As Anchor Stores Close, Co-tenancy Clauses Can Still Cause More Problems
September 20, 2016 | by Diana Bell | National Real Estate Investor
As retailers that have traditionally served as mall anchors—be they department store chains or big-box players—announced major store closings this year, co-tenancy clauses have become an area of risk in a shaky market.
Co-tenancy clauses first became a concern for retail property owners 10 years ago, as the Great Recession put pressure on many tenants and store closings and bankruptcies spiked, according to Greg Maloney, president and CEO of Americas retail with real estate services firm JLL. “We have started removing these in the past five-10 years from anchor tenants’ leases, as anchors are not what they used to be in regards to impact on in-line tenants,” he notes.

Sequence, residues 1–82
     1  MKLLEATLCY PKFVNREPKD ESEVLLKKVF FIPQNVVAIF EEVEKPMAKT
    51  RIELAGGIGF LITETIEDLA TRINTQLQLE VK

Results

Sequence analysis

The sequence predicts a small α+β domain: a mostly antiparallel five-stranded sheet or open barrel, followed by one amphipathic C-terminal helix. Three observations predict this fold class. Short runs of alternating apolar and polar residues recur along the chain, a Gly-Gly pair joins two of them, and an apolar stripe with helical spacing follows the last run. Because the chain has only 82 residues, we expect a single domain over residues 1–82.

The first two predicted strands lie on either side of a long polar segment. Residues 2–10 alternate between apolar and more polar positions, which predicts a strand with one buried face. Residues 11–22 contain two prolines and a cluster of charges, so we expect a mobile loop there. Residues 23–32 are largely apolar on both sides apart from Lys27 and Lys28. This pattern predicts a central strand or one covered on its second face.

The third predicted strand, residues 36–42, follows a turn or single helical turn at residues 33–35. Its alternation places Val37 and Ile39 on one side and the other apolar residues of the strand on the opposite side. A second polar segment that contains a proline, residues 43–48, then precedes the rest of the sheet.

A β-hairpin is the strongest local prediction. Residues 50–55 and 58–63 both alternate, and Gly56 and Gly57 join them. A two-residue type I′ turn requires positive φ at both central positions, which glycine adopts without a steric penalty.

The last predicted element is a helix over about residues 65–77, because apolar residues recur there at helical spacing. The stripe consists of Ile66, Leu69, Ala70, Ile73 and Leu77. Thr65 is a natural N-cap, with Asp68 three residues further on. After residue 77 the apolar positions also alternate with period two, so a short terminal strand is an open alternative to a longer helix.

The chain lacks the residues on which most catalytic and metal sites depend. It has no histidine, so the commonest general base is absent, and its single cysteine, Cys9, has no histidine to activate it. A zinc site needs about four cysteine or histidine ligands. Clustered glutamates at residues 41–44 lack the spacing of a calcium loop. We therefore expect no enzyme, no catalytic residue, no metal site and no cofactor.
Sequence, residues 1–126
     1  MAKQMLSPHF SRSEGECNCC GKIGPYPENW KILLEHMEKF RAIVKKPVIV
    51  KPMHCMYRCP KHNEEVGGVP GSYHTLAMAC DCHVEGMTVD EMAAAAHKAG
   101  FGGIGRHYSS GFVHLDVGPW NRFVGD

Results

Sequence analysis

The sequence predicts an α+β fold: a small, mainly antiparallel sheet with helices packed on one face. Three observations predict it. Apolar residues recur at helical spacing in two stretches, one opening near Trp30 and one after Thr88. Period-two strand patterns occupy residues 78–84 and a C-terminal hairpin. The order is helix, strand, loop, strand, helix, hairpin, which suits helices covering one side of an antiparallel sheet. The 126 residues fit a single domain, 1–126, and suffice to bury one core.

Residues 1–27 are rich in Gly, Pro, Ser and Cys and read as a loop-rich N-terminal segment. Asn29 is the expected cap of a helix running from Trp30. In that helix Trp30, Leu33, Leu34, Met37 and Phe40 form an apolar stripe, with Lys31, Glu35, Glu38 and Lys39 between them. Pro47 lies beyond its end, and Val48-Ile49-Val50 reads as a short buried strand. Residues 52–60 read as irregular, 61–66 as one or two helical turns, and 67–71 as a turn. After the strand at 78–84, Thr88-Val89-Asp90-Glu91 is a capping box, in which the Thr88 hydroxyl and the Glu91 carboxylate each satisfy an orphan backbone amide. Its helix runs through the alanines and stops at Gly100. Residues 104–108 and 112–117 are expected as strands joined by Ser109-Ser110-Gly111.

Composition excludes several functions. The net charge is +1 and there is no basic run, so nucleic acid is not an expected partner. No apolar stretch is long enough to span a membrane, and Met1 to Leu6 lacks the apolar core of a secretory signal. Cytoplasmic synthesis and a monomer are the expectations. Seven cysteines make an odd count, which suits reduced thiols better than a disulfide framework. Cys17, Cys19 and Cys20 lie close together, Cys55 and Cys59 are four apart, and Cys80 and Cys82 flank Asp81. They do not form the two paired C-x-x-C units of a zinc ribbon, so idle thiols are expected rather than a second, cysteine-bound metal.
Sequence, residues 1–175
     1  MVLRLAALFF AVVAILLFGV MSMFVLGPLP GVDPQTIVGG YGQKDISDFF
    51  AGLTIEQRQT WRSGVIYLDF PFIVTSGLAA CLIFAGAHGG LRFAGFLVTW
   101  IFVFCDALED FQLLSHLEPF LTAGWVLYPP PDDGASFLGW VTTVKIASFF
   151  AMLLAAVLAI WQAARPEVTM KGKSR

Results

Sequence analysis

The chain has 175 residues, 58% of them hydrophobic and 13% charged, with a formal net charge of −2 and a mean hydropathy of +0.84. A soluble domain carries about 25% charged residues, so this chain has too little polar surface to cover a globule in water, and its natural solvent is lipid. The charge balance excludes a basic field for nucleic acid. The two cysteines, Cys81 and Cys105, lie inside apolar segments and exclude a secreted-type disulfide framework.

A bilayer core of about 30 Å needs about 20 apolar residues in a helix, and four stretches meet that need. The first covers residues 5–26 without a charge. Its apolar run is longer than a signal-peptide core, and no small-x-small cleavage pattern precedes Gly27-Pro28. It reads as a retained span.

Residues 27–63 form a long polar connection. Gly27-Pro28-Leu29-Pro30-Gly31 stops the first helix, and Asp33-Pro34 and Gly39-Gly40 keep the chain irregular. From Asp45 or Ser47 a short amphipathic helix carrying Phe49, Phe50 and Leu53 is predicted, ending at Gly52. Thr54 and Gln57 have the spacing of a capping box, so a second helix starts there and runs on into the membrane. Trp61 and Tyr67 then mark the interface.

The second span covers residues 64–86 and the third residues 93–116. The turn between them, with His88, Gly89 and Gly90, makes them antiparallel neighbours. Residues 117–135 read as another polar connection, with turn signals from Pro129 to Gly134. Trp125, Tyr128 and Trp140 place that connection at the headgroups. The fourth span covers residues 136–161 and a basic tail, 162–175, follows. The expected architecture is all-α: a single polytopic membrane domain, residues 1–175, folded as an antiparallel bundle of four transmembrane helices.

Macy’s, Sports Authority, Sears and Kohl’s are among the department stores to announce store closings recently. As these stores shutter, what does it mean for both neighboring retailers and the vacated spaces?